Using Embedded Fonts in Silverlight 2

Today, I am going to show you guys, "How to you Embedded Fonts" in your Silverlight2 applications.

Silverlight2 has a very rich library for creating RIA (Rich Internet Applications) but has less features and functionalities compared to its father WPF(Windows Presentation Foundation). This is so because, Silverlight is a browser plugin which gets downloaded to the client machine, the first time a user access any web page having Silverlight content. So for making the download experience smooth, the Silverlight plugin/player has been packed with the minimum and most required features and functionalities, so that its size is less, and it can be downloaded to the client computer ASAP. Once, the plugin has been installed, the user can access the Silverlight pages without any interruption. Currently the Silverlight2 plugin has a download size of 4.6MB.

This is the reason why, Silverlight2 is not provided with a wide variety of Fonts. By Default, a Silverlight2 application supports and provides 9 fonts, mentioned below:


So for using Fonts other than than the ones specified above, we would need to embed it into our application assembly as a "Resource".

We can use the embedded font either using "Code" or "Markup".

For either of the way, first we need to add the desired font into our Silverlight2 application project. I am using a freely available font named "A Cut Above the Rest". You can easily find it and several other free fonts on the following website -

To add the font file to your project, perform the below steps:

  1. Right Click your Silverlight application project, and choose "Add", then "Add Existing Item" menu Item. Then select the font file(with .TTF extension) to be used.


  2. After the font file gets added to your project, Right-click on the file and click Properties. On the properties window, set the "Build Action" property to "Resource". Setting this property will embed your newly added font file to your application assembly as a binary resource, which can later be used for the usage.

So, now we are done and ready to use our newly added font "A Cut Above the Rest". Below example uses XAML Markup to set the new font "A Cut above the Rest" to a TextBlock element.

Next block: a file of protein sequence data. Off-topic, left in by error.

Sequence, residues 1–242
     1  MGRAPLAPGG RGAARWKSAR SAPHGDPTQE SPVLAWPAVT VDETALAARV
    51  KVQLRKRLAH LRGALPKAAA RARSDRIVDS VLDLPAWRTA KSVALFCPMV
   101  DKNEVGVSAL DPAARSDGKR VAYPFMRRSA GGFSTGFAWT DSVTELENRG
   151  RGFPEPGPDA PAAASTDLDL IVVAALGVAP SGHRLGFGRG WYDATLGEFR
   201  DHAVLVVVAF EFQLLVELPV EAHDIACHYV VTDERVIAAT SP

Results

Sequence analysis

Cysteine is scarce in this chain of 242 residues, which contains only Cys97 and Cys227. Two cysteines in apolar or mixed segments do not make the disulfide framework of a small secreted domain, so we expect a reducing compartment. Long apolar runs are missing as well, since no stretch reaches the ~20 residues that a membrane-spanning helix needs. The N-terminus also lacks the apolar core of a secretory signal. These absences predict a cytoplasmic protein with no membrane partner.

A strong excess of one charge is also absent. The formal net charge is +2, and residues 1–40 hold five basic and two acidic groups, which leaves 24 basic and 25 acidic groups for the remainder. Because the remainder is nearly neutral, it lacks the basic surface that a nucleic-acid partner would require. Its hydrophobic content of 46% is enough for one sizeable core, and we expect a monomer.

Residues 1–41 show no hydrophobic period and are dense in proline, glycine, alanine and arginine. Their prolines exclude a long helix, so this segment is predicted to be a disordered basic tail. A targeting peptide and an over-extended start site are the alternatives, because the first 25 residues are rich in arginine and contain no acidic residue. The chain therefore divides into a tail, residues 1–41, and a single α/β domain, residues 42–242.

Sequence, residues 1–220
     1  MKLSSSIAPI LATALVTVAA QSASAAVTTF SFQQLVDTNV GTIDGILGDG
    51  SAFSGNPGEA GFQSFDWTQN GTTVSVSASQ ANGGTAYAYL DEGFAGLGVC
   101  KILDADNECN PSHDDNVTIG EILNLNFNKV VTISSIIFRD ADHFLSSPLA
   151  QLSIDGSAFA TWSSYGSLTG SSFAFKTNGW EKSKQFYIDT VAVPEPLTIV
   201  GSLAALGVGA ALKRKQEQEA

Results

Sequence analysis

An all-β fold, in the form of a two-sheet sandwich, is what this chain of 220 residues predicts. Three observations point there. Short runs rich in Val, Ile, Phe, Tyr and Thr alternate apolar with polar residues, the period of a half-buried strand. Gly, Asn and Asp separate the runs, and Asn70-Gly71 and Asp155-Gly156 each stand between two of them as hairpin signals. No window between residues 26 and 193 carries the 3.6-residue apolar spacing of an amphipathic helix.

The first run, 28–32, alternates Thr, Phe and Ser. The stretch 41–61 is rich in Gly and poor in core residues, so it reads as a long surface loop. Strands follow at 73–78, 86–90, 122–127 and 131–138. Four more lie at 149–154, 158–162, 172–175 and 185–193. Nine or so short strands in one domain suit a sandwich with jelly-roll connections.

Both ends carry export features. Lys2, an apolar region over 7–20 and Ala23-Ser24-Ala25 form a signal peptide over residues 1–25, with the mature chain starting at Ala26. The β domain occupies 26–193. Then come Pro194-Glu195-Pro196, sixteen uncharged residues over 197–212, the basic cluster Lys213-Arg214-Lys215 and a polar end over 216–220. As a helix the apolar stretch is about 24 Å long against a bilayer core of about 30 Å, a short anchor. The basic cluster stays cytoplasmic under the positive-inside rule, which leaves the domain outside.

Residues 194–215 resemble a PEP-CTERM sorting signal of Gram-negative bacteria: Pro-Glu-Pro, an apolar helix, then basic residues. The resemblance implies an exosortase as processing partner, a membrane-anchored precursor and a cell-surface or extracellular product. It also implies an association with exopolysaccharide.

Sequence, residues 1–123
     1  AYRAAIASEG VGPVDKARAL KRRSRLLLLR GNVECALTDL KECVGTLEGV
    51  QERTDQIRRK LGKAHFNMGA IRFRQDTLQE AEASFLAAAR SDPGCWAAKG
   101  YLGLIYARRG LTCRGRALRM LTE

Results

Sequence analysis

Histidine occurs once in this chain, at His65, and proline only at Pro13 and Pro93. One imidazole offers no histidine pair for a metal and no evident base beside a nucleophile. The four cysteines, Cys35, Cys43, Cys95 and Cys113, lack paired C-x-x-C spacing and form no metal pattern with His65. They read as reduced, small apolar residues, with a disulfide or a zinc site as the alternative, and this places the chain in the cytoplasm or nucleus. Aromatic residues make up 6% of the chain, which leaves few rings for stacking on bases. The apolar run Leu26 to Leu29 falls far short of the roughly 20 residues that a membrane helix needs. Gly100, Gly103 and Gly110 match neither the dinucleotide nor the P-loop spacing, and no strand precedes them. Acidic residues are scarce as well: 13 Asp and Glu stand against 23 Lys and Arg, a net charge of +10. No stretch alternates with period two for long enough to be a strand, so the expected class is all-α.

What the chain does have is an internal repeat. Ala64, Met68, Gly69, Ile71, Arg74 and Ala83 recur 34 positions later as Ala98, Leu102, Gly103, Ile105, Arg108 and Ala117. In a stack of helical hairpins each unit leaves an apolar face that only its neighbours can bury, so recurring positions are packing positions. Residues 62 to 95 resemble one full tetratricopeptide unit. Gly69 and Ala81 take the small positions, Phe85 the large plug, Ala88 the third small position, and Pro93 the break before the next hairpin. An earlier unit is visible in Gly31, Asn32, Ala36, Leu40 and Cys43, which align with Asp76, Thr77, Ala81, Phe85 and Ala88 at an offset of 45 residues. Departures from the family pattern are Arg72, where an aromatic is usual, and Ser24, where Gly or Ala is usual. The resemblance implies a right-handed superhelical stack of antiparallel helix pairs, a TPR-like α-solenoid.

<TextBlock x:Name="MyLabel" Foreground="Blue" FontFamily="ACUTATR_.TTF#A Cut Above the Rest" FontSize="25">

The above example has a XAML Markup having the following syntax in the "FontFamily" property:  "FontFileName#FontName". For our font, the file name is "ACUTATR_.TTF" and the font name is - "A Cut Above the Rest".

Now, the second way to use embedded font in Silverlight2 application is to use Code. As I work in C#, so I am providing a C# example:
 using System.Windows.Resources; /*Use Embedded Font - A Cut Above the Rest*/ StreamResourceInfo sri = Application.GetResourceStream(new Uri("PracticeEmbeddedFonts;component/ACUTATR_.TTF", UriKind.Relative));
MyLabel.FontSource = new FontSource(sri.Stream);
MyLabel.FontFamily = new FontFamily("A Cut Above the Rest");

Here, 3 classes are used to retrieve the font from the Font file.
  1. StreamResourceInfo
  2. Application
  3. FontSource

In the above code, the font is retrieved from the assembly as a Resource by using the "Application.GetResourceStream()" method. It accepts 2 arguments. The first argument here follow the following format :- "AssemblyName:component/FontFileName.TTF"

After retrieving the font from the assembly, we can assign it to the control we want to, by first assigning the "FontSource" property with our Font Resource stream object's Stream property. Then we assign the name of the font from that font file i.e., "A Cut Above the Rest".

For the above code to work, an important assembly namespace reference will need to be made i.e., - "using System.Windows.Resources;

After successfully coding the application, our TextBlock will have a font like shown in the below picture:


NOTE :- Not all the fonts that are on the Internet are available for free distribution. For many of them you will need to purchase a license from the owner. So please take this note in mind, while using any font.